RENO, Nev. (KRNV & MyNews4.com) -- The Nevada Department of Wildlife is worried about the health of desert bighorn sheep living in the River Mountains between the city of Henderson and Lake Mead because some biologists are concerned the bighorn sheep might have pneumonia.
Biologists say they have observed sheep exhibiting symptoms like coughing and nasal discharge. Members of the public have reported similar observations; however, these symptoms alone are not enough to make a reliable diagnosis. They also are indicative of other less threatening illnesses.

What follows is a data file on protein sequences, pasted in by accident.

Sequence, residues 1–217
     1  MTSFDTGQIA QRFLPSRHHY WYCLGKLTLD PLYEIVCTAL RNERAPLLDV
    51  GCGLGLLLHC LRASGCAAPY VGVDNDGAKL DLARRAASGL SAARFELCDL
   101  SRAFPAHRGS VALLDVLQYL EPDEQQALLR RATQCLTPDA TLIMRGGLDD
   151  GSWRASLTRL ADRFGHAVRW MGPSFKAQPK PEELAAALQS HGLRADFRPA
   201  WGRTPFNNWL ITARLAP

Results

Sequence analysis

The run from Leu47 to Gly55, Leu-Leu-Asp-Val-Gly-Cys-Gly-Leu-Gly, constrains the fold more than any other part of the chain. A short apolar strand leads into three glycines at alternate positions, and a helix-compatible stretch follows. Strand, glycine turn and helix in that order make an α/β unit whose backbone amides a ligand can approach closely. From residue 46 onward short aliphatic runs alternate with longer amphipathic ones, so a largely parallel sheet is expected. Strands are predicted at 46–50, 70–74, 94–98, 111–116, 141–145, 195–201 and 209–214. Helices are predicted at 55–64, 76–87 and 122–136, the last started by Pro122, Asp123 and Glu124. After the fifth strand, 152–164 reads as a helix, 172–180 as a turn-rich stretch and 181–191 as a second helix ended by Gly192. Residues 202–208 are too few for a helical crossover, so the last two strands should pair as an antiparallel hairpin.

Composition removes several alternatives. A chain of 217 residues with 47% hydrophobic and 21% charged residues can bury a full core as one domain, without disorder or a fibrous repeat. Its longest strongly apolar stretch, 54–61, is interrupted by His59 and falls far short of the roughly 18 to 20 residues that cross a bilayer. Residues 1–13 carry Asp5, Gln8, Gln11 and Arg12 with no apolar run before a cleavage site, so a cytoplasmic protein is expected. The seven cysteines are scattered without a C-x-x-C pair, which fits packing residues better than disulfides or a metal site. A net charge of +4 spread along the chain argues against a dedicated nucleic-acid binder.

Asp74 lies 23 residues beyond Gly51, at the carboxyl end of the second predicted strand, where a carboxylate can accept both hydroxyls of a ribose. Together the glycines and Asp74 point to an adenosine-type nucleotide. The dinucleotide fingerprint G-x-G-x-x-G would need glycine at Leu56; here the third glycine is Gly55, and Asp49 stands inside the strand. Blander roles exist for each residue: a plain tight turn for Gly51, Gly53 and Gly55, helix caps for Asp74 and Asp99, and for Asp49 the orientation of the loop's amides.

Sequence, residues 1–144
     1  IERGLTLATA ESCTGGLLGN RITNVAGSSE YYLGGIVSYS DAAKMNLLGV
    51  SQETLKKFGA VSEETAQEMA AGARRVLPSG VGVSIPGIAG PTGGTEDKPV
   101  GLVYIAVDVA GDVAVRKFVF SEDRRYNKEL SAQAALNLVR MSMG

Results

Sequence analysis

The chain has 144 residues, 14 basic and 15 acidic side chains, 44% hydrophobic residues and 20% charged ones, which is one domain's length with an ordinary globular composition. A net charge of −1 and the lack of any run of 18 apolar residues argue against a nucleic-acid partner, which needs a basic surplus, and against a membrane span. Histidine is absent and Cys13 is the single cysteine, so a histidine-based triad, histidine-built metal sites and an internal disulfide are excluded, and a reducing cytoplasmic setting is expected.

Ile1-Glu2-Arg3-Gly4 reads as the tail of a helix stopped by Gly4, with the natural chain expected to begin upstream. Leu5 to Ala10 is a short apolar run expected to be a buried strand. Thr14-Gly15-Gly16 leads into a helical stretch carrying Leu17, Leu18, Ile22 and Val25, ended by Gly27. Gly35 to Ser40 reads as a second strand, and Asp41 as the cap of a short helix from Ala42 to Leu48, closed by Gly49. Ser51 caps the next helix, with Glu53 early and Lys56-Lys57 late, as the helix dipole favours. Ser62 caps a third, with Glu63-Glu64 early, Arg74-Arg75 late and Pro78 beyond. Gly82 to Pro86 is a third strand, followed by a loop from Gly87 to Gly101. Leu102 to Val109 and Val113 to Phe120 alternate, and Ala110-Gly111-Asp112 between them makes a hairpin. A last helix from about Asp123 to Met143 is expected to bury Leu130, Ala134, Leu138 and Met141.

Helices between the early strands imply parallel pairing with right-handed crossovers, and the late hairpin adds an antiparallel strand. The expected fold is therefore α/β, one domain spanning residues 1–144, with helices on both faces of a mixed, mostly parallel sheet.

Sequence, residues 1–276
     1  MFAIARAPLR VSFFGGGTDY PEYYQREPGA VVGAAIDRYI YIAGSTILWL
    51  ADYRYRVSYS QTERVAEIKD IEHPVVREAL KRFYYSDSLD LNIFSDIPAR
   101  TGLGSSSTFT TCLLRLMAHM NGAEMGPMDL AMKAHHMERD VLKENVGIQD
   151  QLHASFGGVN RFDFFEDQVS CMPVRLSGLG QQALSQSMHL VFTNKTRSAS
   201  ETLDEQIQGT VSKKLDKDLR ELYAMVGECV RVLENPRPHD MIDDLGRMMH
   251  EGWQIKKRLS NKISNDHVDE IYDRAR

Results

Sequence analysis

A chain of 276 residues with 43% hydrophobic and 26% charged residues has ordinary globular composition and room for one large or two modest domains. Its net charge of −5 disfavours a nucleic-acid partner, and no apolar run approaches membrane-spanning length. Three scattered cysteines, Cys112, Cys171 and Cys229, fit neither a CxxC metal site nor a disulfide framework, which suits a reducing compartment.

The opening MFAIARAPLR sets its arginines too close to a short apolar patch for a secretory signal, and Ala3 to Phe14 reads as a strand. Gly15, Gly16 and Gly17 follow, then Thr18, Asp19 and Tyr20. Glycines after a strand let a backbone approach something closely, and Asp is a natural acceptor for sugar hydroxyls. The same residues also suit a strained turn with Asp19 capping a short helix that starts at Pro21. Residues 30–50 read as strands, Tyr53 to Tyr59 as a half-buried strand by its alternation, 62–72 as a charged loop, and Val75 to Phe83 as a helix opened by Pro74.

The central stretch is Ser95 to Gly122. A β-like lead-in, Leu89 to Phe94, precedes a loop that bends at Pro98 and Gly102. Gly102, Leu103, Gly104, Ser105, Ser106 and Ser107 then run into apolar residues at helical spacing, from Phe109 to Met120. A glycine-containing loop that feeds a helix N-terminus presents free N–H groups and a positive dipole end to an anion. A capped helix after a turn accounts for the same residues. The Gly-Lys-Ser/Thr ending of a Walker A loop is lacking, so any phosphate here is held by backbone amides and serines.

A necropsy is an autopsy that is performed on animals; therefore, NDOW biologists will need to euthanize one or more animals in order to complete the testing process.
Additional factors fueling biologists’ concerns are the discoveries of sheep carcasses in the River Mountain that have tested positive for the bacteria Mycoplasma ovipneumoniae. Research has shown that Mycoplasma ovipneumoniae along with Pasteurella bacteria is strongly associated with pneumonia outbreaks in populations of free-ranging bighorn sheep throughout the western United States.